Train Man Review

Story by Hitori Nakano, Art by Hidenori Hara 

Originally published in Shogukukan (2005)

Length: 3 Volumes (27 Chapters)

In early 2004, an anonymous Japanese user posted on 2channel, an online forum, recounting the extraordinary events of his day. Posting in a thread for single men to talk about their issues, he explained how he had been sitting next to a pretty young lady on a train when a drunken man began to harass her and other women in the vicinity. He explains that he took a risk, and told the man to stop bothering the passengers, and in doing so started an altercation. Thankfully, other passengers alerted the conductor, who took control of the situation. The young woman, in an act of gratitude, requested for the young man’s address, telling him she wanted to send something as a gesture of appreciation. After receiving an expensive gift a few days later, the man, inexperienced with women, begins asking the message board to help him ask this girl on a date, and for advice in the future. Regulars on the thread eventually named him “Densha Otoko” (Train Man), and this incredible story of luck, confidence and passion has been adapted into the manga series we are talking about today.

Irrelevant the story’s truthfulness (the authenticity of the story has not been proven yet), Densha Otoko is a endearing series about the blossoming relationship of two young adults meeting under unorthodox circumstances. Our flustered protagonist’s constant misreading, or over-analysing of situations is both comical and relatable. A nostalgic art direction also led to my fond experience with this piece, though its over-dramatisation bordered on tedium at times.

When you’re first getting to know your crush, it can be a mental battlefield. Every little action or remark has a hundred different implications, leading to hours of over-analysing possibilities. This manga feels like it romanticises a period of time in a relationship, but really it’s just exploring the stage of pure idealism. Nothing else matters to these characters but what happens between themselves, and the furthering of their mutual obsession for each other. The two people involved have been completely disconnected from reality, and no matter how many shards of reality try to pop their balloon, it still drifts contentedly. 

I would have enjoyed learning a bit more about not only the protagonist, but all the characters in this piece. While it did encapsulate the all-consuming feeling of love, that’s all we really know about him; he is a man who is shy and inexperienced. And our leading love interest is essentially created around how this man perceives her actions. Learning more about his life before the events would have given us a better idea of how important these series of events truly were for him. As a fan of Hidenori Nara, his presence in this project was welcomed, and as expected the art was excellent. His ability to create simple character designs that can still convey deep emotions was impressive, and a testament his success with romance manga (such as The Town the Stars Fell Upon ).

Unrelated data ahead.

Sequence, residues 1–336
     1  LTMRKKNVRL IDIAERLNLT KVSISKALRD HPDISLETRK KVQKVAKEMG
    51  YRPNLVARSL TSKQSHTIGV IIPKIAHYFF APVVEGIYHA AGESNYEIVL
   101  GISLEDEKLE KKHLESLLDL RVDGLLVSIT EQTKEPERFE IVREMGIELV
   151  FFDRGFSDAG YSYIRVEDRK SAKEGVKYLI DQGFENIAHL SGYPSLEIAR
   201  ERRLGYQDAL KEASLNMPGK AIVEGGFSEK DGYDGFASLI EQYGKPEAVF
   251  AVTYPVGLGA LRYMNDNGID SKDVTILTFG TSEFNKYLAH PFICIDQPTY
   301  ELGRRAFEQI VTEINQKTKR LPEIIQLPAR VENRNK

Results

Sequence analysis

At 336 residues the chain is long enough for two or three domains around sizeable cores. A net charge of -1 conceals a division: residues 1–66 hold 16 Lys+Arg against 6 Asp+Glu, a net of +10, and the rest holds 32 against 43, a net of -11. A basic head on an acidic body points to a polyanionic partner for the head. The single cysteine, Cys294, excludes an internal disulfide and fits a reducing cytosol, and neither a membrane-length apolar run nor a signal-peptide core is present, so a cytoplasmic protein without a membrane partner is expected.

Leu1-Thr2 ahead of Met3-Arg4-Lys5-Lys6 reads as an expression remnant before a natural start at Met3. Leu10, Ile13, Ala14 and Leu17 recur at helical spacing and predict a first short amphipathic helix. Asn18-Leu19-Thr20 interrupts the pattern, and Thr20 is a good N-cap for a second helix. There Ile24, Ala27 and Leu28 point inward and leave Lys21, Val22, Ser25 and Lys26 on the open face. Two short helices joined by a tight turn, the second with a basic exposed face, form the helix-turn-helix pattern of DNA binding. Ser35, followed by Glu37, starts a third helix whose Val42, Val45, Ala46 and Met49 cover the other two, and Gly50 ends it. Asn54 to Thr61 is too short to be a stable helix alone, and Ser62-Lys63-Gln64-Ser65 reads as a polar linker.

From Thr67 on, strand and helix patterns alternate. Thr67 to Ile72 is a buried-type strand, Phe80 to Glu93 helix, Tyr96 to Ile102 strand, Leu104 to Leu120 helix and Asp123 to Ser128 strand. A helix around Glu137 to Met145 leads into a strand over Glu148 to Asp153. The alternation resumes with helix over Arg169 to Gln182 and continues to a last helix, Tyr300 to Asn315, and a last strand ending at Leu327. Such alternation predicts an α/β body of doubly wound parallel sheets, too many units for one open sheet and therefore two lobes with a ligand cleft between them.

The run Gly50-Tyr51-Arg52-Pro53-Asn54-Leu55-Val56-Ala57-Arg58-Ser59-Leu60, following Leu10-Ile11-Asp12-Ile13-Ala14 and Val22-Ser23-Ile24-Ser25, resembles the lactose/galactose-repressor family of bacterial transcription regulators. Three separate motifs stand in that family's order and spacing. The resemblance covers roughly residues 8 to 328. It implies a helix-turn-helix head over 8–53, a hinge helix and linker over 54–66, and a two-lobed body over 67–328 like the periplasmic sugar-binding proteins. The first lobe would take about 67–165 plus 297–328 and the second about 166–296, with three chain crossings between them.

The main issue I had with this manga came from its drama. Densha Otoko enjoys delving into the minds of characters as they mull over their feelings for each other, but sometimes these segments are too dramatic or too long to be engaging. For example, we don’t need an entire chapter dedicated to the protagonist psyching himself up to call his love interest. His reasoning is repeated over and over again, and the reader knows he would eventually call her, so the second half of the chapter didn’t develop any more stakes then when the issue was introduced. Then, when he finally does call her, the next chapter is entirely dedicated to him mustering up the courage to ask her out! Based on the duration of this manga, there weren’t enough of these to put me off, but they did almost turn the protagonist from inexperienced to infuriating.

Train Man’s journey was also explored in the dialogues he would have with other characters online. The advice needed/given was endearing, and gave the reader a backlog of characters, but his reliance on them quickly became unappealing. It’s a really cute love story, but the creators went too hard in emphasising his inabilities. However, it was a source of endearment watching the people online wait for live action updates while he’s asking her out, deciding where to take her on their dates, ect. The idea that the online forum expanded and more people were tuning in and giving advice was a really nice touch, and added extra elements to the forum part of the manga, though I can’t say I found his actions (and how long they took to be executed) as captivating as they did.

Densha Otoko holds in it a character that everyone will root for; a loveably earnest guy trying to win over a girl he really has no shot of wooing. He does his best with the resources he has, and goes to great lengths to challenge himself in order to fight for his true love. This manga doesn’t try to inflate events, making our protagonist come across a authentic. However, this does result in simpler moments being drawn out for no apparent reason, to the point where some scenes are repetitive. In the end, this whole manga was based around the mind of our protagonist, when in reality getting a smaller taste of his mentality would have been enough to create sympathetic readers.

Art – 8

Story – 8

Writing – 7

Overall – 7.5/10

Train Man (Densha Otoko)

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